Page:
I hosted my last TL Arts Advisory & Friends on January 16th.  Whether the advisory continues or folds into Arts for a Better Bay Area (ABBA, see below!),  it’s time the arts advisory and advocacy builds an organizational infrastructure.   We heard from several dynamic speakers including Steven Anthony Jones of Lorraine Hansberry Theater, Terrance Alan of the California Music and Culture Association and Richard Livingston of the EXIT Theatre.  From Steven Anthony Jones we heard a charismatic call to organize, arguing that “the time is now.”  From Terrance Alan we heard an impassioned plea for San Francisco not to become one mega museum – an amusement park of charming cultural relics of yesteryear.  From Richard Livingston we heard a blunt testimony about the arts community being “ill prepared” to respond to the upcoming city budget negotiations.  Livingston went so far as to say the arts will never achieve an equitable outcome should they have to annually jostle for a place in the city’s general fund budget.  On this very important topic we discussed the decoupling of hotel tax revenues and Grants for the Arts, historically the city’s main source of operating funding for arts organizations.  We were advised by Tom DeCaigny, Director of Cultural Affairs, that the city’s attorney moved to decouple the hotel tax revenue from arts funding out of concern of potential legal exposure.

A lawsuit to challenge a percentage of hotel tax revenue going to the arts?  Really?  I suppose it’s possible – anyone can sue for anything in our system.  Years ago I worked with the Los Angeles Redevelopment Agency.  I tried to get more of the agency’s massive resources into the hands of small arts organizations, like the wonderful Tia Chucha’s Centro Cultural in the San Fernando Valley.  The pushback came quickly: I was told that funding arts groups directly was illegal under redevelopment law.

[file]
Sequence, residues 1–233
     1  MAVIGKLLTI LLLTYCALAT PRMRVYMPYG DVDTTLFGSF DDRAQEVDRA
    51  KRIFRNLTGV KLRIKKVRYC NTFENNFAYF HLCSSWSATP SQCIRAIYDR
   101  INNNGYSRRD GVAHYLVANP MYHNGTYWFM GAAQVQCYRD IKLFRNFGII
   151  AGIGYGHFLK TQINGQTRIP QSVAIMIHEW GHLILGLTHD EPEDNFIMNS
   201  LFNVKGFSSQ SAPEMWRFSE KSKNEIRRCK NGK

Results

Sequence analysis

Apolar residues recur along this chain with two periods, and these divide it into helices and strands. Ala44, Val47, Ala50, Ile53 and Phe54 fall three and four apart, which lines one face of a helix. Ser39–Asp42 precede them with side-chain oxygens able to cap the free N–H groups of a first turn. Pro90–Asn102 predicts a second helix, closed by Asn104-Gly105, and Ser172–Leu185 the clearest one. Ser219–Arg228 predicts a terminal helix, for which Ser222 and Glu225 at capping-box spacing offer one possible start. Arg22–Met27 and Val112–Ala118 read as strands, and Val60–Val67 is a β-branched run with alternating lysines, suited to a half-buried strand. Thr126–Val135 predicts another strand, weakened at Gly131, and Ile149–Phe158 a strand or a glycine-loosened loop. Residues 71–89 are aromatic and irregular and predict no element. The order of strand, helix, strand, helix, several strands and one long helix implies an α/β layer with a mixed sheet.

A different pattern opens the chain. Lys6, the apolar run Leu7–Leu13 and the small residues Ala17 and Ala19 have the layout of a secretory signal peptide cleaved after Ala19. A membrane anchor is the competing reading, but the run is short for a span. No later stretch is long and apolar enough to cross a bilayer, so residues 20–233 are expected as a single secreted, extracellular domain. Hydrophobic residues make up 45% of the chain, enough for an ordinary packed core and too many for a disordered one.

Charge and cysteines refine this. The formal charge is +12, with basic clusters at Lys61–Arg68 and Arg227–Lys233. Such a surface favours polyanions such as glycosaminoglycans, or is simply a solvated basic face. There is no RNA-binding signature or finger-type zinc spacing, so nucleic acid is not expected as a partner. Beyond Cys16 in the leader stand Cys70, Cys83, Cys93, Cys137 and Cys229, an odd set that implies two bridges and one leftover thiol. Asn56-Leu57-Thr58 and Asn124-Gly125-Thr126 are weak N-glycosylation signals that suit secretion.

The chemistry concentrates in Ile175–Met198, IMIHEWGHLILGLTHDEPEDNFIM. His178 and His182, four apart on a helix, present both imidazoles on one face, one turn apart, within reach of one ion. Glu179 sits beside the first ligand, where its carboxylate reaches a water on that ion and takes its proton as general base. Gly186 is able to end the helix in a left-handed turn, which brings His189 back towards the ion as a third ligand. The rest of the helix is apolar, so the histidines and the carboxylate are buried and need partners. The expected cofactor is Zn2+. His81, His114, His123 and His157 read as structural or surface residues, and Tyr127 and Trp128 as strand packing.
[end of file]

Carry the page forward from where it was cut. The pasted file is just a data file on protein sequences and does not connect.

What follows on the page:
But hold on!  Not too long after, the Ford Foundation asked me to do a site visit to the fantastic MACLA – Movimento de Arte y Cultura Latino Americana.  MACLA received Ford Foundation funding for its outstanding work in bridging different groups and cultures in their neighborhood in San Jose, i.e. community building through the arts.  At the time MACLA was working closely with the San Jose Redevelopment Agency on a new facilities project.  I spent some time with SJRA officials to learn of their plans, and was very surprised that they involved significant operational support, the very kind the LA agency told me was “illegal.”

I asked the San Jose officials about this.  They responded “there’s always a chance we’ll get sued for any of our work by some tax-payer association of some sort.  That’s what we have lawyers for. We think the arts are important to invest in.”  Wow.  So the takeaway here, for me at least, is to keep a healthy skepticism when government officials offer quick dismals of proposals and programs being “illegal.”  There is often room for interpretation in the “law,” and what is truly the decisive factor is our leadership’s willingness, or lack thereof, to push the envelope.